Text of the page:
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Natural Light is about to hook it up yet again for a recent grad that’s deep in the job search.

The beer brand is going to turn your resume into a NASCAR paint scheme that will appear on Chris Buescher’s #37 racecar at the South Point 400 in Las Vegas on September 16. Work experience, skills, contact info, head shot and all, will be painted on the car.

Natural Light and Censuswide surveyed 1,000+ employers across America and 4-in-5 agreed applicants need to find new ways to stand out when applying for jobs.

Is there a better way to get your resume noticed than have it plastered all over a car for a nationally televised race? Guaranteed your inbox and voicemail will be full after catching the eye of millions of recruiters while racing 200 mph around the track.

To be considered for the paint scheme, any person over the age of 21 can:

Here's a full mock up of where the resume details are going to go on the car (email subscribers, please click through if you don't see the image below)

Natty

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The interesting thing about these contests is that they really aren't related to college recruiting.  Natural Light is marketing to people who buy the iconic beer, in this case, college kids.  They want them to drink more Natty Light, which is why they're running the contest. 

Still, the creativity is key.  If you're thinking about starting college recruiting or want to make a bigger splash with what you're already doing on campus, think about how your product/service ties in with the lives of those you are trying to recruit.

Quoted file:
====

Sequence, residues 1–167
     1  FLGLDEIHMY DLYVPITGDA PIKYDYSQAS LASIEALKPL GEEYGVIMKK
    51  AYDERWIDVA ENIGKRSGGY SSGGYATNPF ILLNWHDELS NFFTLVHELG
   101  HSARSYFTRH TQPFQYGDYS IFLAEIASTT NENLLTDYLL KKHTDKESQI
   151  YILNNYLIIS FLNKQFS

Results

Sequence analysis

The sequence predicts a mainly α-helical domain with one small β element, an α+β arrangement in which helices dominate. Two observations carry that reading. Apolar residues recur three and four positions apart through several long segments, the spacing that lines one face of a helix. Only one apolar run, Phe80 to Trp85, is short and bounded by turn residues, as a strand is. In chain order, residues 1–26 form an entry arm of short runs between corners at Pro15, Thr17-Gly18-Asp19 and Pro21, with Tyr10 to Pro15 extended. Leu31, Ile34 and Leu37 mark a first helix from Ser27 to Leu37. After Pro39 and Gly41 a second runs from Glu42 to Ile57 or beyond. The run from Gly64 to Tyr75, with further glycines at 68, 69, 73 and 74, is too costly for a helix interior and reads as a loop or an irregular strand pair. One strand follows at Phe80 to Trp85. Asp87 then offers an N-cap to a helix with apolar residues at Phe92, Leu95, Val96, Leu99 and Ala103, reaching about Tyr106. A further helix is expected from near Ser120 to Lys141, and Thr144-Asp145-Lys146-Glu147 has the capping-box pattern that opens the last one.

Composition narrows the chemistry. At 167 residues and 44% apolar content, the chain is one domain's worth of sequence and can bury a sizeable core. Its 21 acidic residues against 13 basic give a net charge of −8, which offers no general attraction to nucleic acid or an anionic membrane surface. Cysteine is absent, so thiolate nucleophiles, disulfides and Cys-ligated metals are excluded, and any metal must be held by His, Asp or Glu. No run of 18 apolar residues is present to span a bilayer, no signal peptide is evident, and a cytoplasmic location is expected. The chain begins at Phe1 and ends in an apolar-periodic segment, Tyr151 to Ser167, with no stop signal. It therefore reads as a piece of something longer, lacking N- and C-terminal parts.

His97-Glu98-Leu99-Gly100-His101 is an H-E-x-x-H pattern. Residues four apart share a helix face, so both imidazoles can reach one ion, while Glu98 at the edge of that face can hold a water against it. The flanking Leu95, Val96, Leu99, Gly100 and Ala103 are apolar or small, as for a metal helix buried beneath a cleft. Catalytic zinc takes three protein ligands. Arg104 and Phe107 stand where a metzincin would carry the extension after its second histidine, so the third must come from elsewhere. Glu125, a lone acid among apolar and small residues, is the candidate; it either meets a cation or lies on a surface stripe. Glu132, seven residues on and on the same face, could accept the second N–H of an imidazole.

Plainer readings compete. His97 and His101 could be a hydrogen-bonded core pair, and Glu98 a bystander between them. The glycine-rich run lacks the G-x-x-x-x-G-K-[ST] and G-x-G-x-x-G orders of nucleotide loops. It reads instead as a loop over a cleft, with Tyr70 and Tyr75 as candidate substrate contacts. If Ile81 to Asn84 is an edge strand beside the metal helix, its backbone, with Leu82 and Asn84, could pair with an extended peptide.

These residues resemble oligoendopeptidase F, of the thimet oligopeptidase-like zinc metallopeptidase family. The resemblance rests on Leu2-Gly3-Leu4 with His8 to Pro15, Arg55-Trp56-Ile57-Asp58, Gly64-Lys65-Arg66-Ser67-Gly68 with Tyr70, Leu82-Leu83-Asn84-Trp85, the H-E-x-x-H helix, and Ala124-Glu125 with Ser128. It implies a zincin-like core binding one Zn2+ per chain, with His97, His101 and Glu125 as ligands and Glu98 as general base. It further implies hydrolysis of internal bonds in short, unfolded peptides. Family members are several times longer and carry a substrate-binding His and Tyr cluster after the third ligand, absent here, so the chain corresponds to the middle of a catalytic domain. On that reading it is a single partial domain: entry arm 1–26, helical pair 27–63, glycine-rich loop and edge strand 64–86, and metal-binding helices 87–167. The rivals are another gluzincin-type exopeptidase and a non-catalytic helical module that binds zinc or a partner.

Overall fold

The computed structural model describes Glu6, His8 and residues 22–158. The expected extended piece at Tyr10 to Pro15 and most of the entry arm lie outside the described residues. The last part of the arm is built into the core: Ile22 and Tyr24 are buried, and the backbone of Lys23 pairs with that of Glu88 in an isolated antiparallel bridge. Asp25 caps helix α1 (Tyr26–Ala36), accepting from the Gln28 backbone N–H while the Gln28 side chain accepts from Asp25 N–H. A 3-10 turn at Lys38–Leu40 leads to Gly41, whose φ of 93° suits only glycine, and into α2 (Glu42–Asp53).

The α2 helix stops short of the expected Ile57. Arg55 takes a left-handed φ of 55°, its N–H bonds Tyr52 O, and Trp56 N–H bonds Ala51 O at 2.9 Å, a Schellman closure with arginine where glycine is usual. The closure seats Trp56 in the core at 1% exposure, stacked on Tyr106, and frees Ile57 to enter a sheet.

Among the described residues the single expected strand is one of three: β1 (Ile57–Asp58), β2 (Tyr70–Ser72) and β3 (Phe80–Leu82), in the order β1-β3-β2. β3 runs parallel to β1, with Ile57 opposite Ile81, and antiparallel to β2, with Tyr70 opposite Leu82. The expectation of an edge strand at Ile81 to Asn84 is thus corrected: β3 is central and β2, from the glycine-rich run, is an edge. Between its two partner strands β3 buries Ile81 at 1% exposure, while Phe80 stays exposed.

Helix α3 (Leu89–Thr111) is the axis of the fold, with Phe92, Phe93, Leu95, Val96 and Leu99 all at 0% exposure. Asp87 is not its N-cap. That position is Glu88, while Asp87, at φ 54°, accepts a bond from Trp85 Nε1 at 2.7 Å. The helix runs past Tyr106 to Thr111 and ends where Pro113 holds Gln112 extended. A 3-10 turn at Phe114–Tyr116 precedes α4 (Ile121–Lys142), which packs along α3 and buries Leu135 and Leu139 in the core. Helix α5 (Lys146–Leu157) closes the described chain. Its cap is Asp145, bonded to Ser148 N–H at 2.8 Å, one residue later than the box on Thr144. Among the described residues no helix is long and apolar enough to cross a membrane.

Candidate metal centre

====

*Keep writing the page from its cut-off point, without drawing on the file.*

Contests and awards that meet college kids where they live are key.

Good luck out there.  And if you're drinking Natty Light on campus, please drink Natty Light responsibly...

 


College Recruiting: Know Who You Are and Where You Fit As a Company (Make Relative Deprivation Work for You)...

I had the pleasure of leading a roundtable discussion in Atlanta a few months ago on the topic of College Recruiting.  I hadn't been in a position to really dig into this topic with big and small employers alike, and I can say this as a result of my experience...

It was eyeopening.

As a result of getting to talk to about 35 practitioners - some who were all in on college recruiting and some who were doing nothing - here's my observations on the current college recruiting scene and what you should know: Campus

1--Big employers have brands and spends that are almost impossible to compete with when it comes to college recruiting.

2--If you really have a need to acquire hires from college recruiting and wait until a candidate's senior year, you've already lost.  The big brands invest in large-scale internship programs and actively track conversions to new hires from those programs.